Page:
The popularity of the salad spread beyond Russia to Eastern Europe, the Balkans, and even to Iran and Pakistan. In fact, in our family we call this dish Salad de Boeuf (pronounced as “de beff”), which is what this salad is inexplicably called in Romania and Western Ukraine. Boeuf means “beef” in French, and this salad contains no beef at all. In each geographic locale, the salad might differ slightly. Sometimes the potatoes are mashed instead of cubed, or there’s shredded chicken instead of smoked meat, or sometimes there’s no meat at all, as was the custom in our family. What makes this type of potato salad uniquely a Salad Olivier is the presence of potatoes combined with carrots, peas, pickles, and hard boiled eggs. Everything should be chopped to roughly the same size. The appeal of something seemingly odd and vaguely average is ultimately mysterious, but the combination of hearty firm potatoes, sweet cooked carrots, crisp pickles, earthy peas, and silky eggs in a creamy tangy dressing just works. The ingredients meld all together, each losing its own particular edge to combine to make a complete range of salty, sweet, tangy, satisfying tastes in each bite. I think this salad’s enduring and far-reaching popularity proves that it’s eaten for more than tradition’s sake.
If you’re going to attempt to make this for the first time there are a few things to know. For one, this recipe reflects how my family likes this dish. If you’ve had this before it might be slightly different from what you’re used to. More importantly, the quality of each ingredient matters to the overall success of the dish. I like to use Yukon Gold potatoes because they hold up well and have a pleasant rich sweetness, but you can definitely try it with your favorite potato. Taste the carrots before you cook them; they should be sweet and flavorful, not the dull astringent variety you sometimes end up with. The best pickles for this dish are ones that come from the refrigerator section, that still have a crunch, and are brined in salt with zero vinegar added. They’re also known as “naturally fermented” pickles. The type of mayonnaise you use is also key, and I swear by Hellmann's/Best Foods brand mayo.

Salad Olivier
Serves 6-8

Ingredients:
For the salad-
1.5 lbs Yukon Gold potatoes, about 4-5 medium
3 large carrots
4 large eggs
3 large dill pickles, or to taste (use naturally fermented/brined pickles)
1 cup frozen peas, thawed (you can substitute with fresh cooked peas or even canned)

For the dressing-
1 cup good quality mayonnaise
2 tablespoons olive oil
Juice of ½ a lemon, or to taste
1 Tablespoon pickle liquid (optional)
¾ Tablespoon kosher salt, or to taste
2 Tablespoons chopped fresh dill (optional)



Directions:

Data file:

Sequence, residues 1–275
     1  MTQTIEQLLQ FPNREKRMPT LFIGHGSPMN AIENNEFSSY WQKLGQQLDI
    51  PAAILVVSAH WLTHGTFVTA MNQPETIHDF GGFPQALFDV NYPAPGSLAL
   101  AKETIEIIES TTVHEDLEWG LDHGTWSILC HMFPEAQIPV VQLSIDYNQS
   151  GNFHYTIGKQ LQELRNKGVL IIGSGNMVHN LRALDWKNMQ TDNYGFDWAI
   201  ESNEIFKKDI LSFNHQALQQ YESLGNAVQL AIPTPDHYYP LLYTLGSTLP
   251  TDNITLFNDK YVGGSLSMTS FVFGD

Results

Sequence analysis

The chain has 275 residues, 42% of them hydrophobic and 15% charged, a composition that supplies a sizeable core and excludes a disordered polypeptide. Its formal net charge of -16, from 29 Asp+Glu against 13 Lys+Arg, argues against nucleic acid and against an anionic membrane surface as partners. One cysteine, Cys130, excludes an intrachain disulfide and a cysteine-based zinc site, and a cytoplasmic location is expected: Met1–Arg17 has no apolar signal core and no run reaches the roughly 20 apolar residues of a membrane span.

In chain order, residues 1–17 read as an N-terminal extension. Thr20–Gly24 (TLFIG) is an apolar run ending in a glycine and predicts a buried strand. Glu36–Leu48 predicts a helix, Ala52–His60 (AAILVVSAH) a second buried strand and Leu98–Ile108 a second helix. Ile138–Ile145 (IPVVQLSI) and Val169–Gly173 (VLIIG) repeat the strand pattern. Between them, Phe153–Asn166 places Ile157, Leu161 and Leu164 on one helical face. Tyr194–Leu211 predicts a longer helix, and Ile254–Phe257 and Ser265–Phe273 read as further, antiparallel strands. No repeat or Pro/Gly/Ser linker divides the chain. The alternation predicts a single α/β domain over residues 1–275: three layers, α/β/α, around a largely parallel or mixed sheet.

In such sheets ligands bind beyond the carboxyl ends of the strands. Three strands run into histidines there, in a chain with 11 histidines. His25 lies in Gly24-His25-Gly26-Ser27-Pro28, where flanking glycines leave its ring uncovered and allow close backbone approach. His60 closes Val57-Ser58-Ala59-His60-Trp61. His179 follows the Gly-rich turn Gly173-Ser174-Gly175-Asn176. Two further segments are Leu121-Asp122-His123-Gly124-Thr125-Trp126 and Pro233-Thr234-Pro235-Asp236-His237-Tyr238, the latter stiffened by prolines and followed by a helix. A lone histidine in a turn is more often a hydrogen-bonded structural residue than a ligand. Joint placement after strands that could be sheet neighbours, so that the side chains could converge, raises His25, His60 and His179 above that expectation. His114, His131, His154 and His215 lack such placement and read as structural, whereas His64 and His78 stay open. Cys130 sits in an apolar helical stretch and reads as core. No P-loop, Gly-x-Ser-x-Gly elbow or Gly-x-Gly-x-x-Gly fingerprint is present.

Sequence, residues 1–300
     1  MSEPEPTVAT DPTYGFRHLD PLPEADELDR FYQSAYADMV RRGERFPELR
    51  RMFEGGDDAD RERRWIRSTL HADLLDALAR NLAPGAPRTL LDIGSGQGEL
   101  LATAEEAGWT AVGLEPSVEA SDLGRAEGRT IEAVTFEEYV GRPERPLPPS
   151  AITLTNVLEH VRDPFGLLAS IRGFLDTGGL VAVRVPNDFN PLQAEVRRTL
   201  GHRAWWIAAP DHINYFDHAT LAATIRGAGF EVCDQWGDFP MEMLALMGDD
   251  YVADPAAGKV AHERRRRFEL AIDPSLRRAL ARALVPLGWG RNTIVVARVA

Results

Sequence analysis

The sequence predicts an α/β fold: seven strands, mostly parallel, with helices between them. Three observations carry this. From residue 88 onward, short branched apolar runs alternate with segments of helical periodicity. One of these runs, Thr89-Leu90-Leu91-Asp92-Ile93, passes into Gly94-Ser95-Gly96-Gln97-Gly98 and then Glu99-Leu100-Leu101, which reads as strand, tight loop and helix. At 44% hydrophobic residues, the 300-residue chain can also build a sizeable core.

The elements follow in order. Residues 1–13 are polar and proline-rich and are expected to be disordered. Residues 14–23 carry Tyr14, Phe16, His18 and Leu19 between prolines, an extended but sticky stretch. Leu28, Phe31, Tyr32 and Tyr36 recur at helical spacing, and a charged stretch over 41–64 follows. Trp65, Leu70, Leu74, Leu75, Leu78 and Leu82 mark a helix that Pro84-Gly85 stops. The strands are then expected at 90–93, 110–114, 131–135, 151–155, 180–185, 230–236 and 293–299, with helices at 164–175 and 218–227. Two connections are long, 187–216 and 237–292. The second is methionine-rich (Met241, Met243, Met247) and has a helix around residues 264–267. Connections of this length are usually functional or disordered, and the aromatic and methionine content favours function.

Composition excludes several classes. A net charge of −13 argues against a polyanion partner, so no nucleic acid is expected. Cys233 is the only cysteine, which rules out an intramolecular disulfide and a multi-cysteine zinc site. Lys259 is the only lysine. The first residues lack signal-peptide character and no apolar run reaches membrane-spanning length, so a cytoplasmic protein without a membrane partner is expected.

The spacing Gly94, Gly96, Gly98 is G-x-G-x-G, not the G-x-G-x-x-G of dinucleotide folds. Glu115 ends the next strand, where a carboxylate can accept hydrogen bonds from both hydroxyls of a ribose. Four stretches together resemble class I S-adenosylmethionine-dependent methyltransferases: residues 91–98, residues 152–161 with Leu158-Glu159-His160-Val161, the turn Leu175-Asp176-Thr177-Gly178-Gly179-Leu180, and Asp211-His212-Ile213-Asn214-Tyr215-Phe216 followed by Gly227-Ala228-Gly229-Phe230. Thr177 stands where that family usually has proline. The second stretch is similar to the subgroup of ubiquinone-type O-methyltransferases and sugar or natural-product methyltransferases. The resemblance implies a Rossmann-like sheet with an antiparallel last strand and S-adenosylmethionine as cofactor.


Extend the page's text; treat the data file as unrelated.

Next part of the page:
1.     Wash the potatoes and carrots well. Add them to a pot, and fill with water. Bring the water to a boil, and boil the potatoes and carrots until easily pierced through with a knife. The carrots will cook faster, about 15-20 minutes. Once they’re tender remove them from the pot and allow the potatoes to finish cooking, about 15-20 minutes more, or 30-35 minutes in total. Be careful not to overcook your potatoes and carrots, you do not want them to end up as mush in the salad. Once cooked, set aside to cool or refrigerate. This step can be up to 2 days in advance.
2.     While the potatoes and carrots are cooking, hard boil your eggs and allow them to cool.
3.     Once cooled, carefully remove the peels from your potatoes. You can either remove or keep the peel on your carrots depending on your preference.
4.     Cube all of the potatoes, carrots, and eggs to the same size. I like a medium-small dice.
5.     Dice the pickles slightly smaller than the other ingredients as they have a stronger flavor.
6.     Add the cubed potatoes, carrots and eggs to a large bowl. Add the pickles and thawed peas to the bowl.
7.     In a separate small bowl, combine all of the ingredients for the dressing and whisk together. Taste and adjust accordingly.


8.     Add the dressing to the potato mixture, and carefully stir until everything is fully coated in the dressing. Taste and add more salt if desired (every brand of kosher salt differs in salinity). If you want it creamier/tangier, add more mayonnaise or lemon juice. You can also use sour cream or yogurt if desired.
9.     Allow the salad to chill for at least one hour before serving so that the flavors can all come together. This salad can be made up to a day in advance, and stores well for 2 days. You can also make this without the dressing up to 3 days in advance, then add the dressing before serving.
10.   Before serving, transfer the salad to a serving bowl. This salad is known for being creatively decorated and festively garnished with fresh herbs, vegetable roses, etc. You can doll it up in any way you like.